Laws are for the little people….

One of the fundamental measures of “legitimacy” of a government is how universal is the “Rule of Law” in that nation. Is no one above the law? Or are some animals more equal than others? Or in a nation where the average person commits three felonies a day, has the law become irrelevant?

Case in point, Democratic front runner (at least with the super delegates) Hillary Clinton has a lot to answer for with a private email server not the least of which is the public records keeping compliance. I honestly think the FBI is holding back because if she were to be elected President, then she could issue herself a pardon for crimes committed as SecState so instead of stepping into politics the FBI directors are seeing which way the wind blows. If she is elected and they DIDN’T indict her, she can owe them a favor, and if she isn’t elected and someone calls them out for “stalling” well that’s just the cost of good evidence gathering, isn’t it? The FBI has nothing to gain from seeking prosecution, and everything to gain from waiting until the election is over. So what does that do to the appearance of legitimacy in the United States? In case you were living under a rock, the BBC has a good rundown of emailgate: http://www.bbc.com/news/world-us-canada-31806907

Another example is the Obama administrations support of Egypt and Thailand with military support in spite of US Laws that require the cutting of aid to nations that experienced a non-democratic coup d’tat. And the fact that you have to go to a news source from Witchita Falls of all places to find any commentary on this makes the mainstream press look complicit in a coverup. http://www.timesrecordnews.com/opinion/editorials/us-ignores-the-law-on-military-funding-2a7da9b0-e781-6be3-e053-0100007fcf0a-367030401.html

Need another example? The “affluenza” defense seems to work: http://time.com/4206296/affluenza-leopold-loeb/

How about the Title IX “gender discrimination” laws that can ruin a students life without ever going to criminal or civil trial? Well there is one state in the Union that tries to actually determine the truth before making judgement, which would be Tennessee, and as of last week a lawsuit was initiated to stop that “due process” nonsense.

The plaintiffs say that UT’s administrative hearing process, which is utilized by public universities across the state, is unfair because it provides students accused of sexual assault the right to attorneys and to confront their accusers through cross-examination and an evidentiary hearing in front of an administrative law judge. The administrative law judge who hears the case is appointed by Cheek, the lawsuit says. http://www.tennessean.com/story/news/2016/02/09/sweeping-sexual-assault-suit-filed-against-ut/79966450/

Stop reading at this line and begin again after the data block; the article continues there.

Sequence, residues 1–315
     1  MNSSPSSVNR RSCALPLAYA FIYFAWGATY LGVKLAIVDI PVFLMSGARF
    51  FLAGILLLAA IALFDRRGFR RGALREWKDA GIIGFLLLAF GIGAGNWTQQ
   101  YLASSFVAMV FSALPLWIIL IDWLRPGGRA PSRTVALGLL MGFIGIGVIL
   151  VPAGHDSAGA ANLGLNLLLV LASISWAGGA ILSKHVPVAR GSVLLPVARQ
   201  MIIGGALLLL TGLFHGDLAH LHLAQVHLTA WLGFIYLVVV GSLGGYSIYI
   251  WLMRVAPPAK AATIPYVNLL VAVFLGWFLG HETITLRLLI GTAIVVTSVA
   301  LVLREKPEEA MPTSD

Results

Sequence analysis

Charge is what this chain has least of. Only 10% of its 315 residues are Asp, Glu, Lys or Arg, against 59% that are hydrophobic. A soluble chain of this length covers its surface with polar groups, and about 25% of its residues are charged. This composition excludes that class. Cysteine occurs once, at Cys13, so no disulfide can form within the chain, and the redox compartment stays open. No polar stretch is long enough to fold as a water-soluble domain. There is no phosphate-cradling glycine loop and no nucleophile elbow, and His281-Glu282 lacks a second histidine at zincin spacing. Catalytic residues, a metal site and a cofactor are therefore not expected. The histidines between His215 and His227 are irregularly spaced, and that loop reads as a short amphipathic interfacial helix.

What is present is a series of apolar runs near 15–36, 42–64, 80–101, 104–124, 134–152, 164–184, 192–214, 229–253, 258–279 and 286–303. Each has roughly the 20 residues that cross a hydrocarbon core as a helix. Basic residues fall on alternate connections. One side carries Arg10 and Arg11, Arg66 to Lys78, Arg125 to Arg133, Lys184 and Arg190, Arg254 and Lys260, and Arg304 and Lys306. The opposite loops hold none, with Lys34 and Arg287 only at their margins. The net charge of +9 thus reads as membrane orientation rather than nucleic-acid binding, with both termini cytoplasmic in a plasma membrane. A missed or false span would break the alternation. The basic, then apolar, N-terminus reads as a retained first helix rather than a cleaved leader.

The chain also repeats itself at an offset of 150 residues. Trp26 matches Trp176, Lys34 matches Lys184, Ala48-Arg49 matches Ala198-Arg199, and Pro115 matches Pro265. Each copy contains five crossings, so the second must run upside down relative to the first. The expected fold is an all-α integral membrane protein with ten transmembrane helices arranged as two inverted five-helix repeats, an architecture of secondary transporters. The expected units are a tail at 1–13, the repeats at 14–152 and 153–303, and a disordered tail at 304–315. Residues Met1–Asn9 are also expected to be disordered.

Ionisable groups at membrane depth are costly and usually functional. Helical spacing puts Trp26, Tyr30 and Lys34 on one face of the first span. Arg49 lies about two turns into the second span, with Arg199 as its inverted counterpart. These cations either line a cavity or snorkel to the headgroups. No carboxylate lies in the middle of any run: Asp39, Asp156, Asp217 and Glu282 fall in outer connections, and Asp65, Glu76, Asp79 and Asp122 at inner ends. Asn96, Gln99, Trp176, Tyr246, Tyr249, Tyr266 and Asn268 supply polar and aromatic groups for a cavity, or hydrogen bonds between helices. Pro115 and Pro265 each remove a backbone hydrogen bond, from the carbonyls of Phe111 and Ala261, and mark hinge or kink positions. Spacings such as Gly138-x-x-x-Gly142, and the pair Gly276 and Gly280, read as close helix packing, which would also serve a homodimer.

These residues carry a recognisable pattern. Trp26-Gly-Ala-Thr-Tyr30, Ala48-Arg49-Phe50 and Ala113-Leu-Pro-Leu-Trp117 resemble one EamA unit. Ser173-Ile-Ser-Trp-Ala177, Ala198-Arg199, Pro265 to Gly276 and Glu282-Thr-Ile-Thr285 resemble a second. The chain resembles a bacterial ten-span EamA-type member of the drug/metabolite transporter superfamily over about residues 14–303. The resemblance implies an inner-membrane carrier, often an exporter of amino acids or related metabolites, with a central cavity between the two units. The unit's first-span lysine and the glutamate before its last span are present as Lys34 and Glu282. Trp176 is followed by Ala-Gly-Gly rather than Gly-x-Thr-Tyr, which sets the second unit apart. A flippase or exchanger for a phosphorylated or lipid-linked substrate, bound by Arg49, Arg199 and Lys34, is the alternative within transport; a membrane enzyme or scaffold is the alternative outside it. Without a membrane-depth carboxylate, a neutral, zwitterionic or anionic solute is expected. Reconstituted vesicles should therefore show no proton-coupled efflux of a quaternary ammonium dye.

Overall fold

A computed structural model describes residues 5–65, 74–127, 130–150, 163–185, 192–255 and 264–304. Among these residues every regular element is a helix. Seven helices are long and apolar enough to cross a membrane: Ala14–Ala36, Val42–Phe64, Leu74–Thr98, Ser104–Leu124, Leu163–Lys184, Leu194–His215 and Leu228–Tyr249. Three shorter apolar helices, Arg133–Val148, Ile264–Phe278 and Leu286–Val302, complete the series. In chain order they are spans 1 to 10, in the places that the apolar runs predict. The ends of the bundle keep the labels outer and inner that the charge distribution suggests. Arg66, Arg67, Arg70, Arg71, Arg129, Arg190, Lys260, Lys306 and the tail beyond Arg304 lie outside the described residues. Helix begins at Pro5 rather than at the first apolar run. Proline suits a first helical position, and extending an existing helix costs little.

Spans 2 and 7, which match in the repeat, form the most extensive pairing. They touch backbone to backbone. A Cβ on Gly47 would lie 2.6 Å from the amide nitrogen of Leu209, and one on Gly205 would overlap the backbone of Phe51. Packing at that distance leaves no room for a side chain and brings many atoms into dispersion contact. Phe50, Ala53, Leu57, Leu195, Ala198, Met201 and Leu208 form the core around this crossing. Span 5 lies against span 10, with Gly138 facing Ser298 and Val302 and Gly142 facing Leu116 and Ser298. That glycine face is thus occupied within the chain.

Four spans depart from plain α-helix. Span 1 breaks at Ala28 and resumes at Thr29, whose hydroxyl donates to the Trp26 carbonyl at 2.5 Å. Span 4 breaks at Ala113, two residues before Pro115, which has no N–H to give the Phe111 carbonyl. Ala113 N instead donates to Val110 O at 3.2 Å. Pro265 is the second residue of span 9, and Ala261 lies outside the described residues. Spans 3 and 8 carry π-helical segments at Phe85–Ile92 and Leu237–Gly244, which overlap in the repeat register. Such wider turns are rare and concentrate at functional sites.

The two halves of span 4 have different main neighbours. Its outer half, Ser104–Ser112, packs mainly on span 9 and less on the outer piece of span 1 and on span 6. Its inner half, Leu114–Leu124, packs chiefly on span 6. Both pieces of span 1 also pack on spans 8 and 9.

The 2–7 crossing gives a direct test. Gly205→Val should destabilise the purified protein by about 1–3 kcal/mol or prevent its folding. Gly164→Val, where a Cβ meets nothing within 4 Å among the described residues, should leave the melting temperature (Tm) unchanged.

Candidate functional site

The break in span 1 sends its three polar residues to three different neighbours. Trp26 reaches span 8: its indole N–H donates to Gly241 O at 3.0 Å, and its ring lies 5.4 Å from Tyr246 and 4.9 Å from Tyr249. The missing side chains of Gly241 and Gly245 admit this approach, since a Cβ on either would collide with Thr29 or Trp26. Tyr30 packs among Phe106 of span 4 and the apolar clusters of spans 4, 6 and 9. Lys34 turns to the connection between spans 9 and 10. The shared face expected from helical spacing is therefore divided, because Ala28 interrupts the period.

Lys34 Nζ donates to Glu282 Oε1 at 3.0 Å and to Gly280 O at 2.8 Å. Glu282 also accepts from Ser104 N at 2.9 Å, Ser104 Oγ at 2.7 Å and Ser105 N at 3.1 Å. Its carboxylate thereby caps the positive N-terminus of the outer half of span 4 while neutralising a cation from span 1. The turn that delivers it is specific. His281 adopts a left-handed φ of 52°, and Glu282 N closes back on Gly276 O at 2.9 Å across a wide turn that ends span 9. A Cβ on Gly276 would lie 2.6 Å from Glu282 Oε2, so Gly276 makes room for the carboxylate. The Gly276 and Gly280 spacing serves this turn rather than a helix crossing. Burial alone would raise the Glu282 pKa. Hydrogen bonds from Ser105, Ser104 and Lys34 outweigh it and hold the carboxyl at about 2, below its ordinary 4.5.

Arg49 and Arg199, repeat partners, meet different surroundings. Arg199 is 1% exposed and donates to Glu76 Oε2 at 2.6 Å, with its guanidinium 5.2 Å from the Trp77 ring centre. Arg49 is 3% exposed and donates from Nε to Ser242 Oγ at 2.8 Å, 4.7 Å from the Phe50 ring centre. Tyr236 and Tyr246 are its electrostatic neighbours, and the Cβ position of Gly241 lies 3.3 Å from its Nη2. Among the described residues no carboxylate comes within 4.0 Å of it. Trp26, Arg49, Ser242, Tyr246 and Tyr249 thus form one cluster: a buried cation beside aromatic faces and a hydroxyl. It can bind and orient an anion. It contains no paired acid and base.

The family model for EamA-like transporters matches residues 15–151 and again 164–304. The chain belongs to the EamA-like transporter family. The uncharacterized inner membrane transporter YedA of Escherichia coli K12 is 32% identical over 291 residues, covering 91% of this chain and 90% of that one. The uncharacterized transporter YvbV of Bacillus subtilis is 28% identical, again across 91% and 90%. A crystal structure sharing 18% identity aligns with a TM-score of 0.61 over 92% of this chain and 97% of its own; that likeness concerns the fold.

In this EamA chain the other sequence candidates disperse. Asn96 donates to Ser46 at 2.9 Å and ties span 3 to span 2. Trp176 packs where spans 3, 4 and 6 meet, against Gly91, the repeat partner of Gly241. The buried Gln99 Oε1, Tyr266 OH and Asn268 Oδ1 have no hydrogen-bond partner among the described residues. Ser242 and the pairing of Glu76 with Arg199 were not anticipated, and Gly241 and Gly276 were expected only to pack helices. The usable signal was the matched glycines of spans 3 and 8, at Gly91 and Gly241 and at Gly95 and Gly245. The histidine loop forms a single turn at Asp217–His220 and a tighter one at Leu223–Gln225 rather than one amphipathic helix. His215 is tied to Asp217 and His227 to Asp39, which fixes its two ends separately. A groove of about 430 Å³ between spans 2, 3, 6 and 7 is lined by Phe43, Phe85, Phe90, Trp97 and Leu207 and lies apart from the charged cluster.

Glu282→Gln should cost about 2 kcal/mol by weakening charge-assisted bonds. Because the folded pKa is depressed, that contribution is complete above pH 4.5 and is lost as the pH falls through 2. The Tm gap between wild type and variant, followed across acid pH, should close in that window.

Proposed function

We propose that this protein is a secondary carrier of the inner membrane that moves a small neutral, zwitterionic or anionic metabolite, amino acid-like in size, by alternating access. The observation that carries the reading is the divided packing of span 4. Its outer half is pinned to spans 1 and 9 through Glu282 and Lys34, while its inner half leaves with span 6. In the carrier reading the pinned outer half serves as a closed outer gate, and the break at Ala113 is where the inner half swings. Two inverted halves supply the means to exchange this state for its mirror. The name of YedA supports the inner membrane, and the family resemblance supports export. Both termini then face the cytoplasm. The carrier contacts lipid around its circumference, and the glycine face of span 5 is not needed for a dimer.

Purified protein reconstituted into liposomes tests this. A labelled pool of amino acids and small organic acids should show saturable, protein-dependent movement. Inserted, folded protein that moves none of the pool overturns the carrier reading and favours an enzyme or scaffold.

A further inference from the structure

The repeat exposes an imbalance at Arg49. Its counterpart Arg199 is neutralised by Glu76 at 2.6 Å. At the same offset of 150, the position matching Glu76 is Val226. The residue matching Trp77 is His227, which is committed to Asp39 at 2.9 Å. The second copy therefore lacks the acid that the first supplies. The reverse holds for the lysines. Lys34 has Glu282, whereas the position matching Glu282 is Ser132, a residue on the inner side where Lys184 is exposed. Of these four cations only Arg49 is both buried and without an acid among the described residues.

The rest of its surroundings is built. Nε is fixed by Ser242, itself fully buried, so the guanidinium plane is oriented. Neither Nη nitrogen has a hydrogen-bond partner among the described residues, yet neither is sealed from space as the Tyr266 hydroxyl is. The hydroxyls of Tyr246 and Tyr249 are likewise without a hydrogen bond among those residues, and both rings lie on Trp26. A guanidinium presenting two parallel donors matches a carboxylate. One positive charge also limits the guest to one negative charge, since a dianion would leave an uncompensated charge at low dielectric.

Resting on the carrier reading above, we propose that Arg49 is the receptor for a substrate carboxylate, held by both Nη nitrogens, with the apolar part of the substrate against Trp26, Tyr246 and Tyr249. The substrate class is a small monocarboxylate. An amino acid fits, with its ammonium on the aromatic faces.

For those who aren’t familiar with the US Constitution, due process was enshrined in the 5th Amendment, and specifically levied against the States in the 14th Amendment. That the women are trying to deprive a group of black men the right to due process is deliciously ironic in how historically tone deaf it is.

To continue, the “confrontation clause” of the 6th Amendment specifically allows the accused to confront those witnesses accusing him in criminal court. If you are accusing a man of “rape” but not willing to go to the police about it, instead relying on a university to simply expel the male student well then case law says that the University does not have to give the accused the right to cross examine. Nor does it require that that the accused be denied that right: https://home.campusclarity.com/is-there-a-right-to-cross-examine-in-campus-sexual-assault-hearings/ Now in another delicious twist of irony, the lawsuit claims that UT creates a “hostile atmosphere” as it recently put out a “genderless” pronoun guide for students to use which faced enough immediate backlash that it was rescinded pending review : https://www.insidehighered.com/news/2015/09/08/u-tennessee-withdraws-guide-pronouns-preferred-some-transgender-people

And that brings us to the point of “legitimacy” or at least the appearance of legitimacy, there really is none. The Law is no longer there to be a fair arbiter of grievances, no the Law is there to take property from the poor and give it to businesses in order create tax revenue http://www.propertyrightsalliance.org/life-kelo-v-city-new-london-a2921 and you can google the fiasco that was Vera Coking versus Donald Trump if you wish.

The law has always been abused, and will continue to be abused in the future. But as public confidence erodes, little by little, day by day, eventually breaking the law will become a past time, and knowing who to bribe will become a life skill for even upright citizens.

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One Response to Laws are for the little people….

  1. B says:

    The question every American must ask is would they break the law when the law requires immoral behavior? Being a Christian creates an interesting cognitive dissonance when the gov overreaches and makes laws that erode the rule of law. The diagnostic cause is lack of character in it’s citizenry, the corruption is just a symptom

    Like

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